6. A crystal oscillator whose frequency of oscillations is determined primarily by the crystal, a pair of electrodes for said crystal and connections from said oscillator to said pair ofelectrodes, and another pair of electrodes for said crystal so disposed as to receive voltages generated only by the motion of said crystal, and means forderiving energy from said oscillator connected to said last pair of electrodes.

7. An oscillation generator system including a tubehaving a grid and an anode, a crystal for controlling the frequency of oscillations of said generator, said crystal having a first pair of cooperating electrodes and an independent pair of cooperating electrodes so arranged that coupling between said pairs of electrodes is obtained solely by virtue of the mechanical motion of the crystal, connections from the grid and anode to said first pair of cooperating electrodes, and

a load circuit connected to said independent pair of cooperating electrodes.

8. An oscillation generator system including a tube having grid and anode electrodes, a crystal having a pair of cooperating electrodes on two surfaces thereof and an independent pair of cooperating electrodes on two surfaces thereof, connections from said grid and anode to one pair of cooperating electrodes, and an antenna circuit connected to the other pair of cooperating electrodes, whereby the frequency of oscillations produced by said generator system is controlled by said crystal.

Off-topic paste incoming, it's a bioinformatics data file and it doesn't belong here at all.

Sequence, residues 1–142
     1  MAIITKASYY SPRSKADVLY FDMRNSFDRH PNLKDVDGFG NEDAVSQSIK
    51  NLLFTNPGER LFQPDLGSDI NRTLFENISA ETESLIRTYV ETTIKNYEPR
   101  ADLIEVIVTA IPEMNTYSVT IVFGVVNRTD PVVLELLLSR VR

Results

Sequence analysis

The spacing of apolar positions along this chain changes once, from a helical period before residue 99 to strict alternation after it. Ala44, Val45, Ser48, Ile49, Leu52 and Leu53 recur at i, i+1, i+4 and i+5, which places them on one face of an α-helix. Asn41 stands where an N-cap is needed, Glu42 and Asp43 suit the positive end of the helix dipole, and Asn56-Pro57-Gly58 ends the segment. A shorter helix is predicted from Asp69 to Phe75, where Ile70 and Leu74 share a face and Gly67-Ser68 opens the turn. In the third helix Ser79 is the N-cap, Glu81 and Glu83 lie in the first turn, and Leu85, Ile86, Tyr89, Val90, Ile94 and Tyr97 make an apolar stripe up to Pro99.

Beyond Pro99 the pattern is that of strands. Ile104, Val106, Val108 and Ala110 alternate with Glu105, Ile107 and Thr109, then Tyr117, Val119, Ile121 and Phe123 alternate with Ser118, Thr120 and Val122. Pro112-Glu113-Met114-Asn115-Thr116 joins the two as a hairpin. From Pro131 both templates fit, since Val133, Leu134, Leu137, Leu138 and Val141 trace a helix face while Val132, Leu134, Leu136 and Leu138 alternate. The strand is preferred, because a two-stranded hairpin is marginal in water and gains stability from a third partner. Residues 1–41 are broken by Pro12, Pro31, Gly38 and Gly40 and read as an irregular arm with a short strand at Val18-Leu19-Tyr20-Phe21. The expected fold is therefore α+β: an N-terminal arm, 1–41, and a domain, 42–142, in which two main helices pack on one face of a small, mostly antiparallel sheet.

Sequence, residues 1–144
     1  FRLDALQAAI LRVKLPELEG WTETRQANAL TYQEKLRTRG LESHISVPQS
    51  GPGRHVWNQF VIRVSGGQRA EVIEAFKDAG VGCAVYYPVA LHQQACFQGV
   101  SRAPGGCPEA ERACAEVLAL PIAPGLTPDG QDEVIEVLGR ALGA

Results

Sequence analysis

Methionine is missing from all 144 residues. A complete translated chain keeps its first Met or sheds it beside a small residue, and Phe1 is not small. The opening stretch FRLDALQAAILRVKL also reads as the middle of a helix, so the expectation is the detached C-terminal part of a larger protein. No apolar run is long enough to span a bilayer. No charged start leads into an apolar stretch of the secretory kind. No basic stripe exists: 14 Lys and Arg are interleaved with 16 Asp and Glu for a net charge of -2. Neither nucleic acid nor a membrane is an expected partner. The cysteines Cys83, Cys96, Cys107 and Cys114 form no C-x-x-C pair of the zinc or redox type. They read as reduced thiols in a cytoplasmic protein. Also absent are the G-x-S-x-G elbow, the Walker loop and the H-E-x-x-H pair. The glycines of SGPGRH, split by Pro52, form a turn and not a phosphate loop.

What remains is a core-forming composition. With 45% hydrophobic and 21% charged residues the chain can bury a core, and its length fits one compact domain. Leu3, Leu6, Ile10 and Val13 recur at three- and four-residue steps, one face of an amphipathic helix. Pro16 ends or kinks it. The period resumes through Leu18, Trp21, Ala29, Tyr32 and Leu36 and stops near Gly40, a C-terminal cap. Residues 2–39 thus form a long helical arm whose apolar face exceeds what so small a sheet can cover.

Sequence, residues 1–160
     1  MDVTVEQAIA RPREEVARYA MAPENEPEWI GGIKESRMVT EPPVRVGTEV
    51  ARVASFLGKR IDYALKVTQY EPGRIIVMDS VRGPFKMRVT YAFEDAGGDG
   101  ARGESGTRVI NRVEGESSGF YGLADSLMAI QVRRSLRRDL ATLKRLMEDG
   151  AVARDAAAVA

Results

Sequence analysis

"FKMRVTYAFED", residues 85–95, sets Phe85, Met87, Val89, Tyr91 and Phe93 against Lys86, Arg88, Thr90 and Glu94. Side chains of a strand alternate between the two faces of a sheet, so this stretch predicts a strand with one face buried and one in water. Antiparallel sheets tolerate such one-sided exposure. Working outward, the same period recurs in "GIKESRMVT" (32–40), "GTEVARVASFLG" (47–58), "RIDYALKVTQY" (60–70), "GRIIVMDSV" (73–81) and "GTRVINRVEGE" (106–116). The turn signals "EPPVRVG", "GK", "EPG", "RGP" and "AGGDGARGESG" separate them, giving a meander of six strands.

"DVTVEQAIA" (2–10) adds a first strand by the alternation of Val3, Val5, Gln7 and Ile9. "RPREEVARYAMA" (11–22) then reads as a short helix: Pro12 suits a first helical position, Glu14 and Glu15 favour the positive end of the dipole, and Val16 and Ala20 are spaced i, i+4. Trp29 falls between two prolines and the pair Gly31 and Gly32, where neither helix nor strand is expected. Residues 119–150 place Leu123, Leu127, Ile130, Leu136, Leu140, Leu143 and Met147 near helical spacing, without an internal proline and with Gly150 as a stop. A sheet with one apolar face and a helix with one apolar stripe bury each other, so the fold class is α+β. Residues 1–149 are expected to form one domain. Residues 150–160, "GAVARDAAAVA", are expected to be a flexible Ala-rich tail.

9. An oscillation generator system including a tube having grid and anode electrodes, nonresonant elements for supplying energizing potentials to the tube electrodes, a crystal having a pair of cooperating electrodes on two surfaces thereof and an independent pair of cooperating electrodes on two surfaces thereof, connections from said grid and anode to one pair of cooperating electrodes, and an antenna circuit connected tothe other pair of cooperating electrodes, whereby the frequency of oscillations produced by said generator system is controlled by said crystal.

10. An oscillation generator system including a tube having grid and anode electrodes, a crystal having a pair of cooperating electrodes on two surfaces thereof and an independent pair of cooperating electrodes on two surfaces thereof, connections from said grid and anode to one pair of cooperating electrodes, an antenna circuit connected to the other pair of coope'rat ing electrodes, whereby the frequency of oscillations produced by said generator system is controlled by said crystal, and means for modulating the oscillations produced by said gem erator.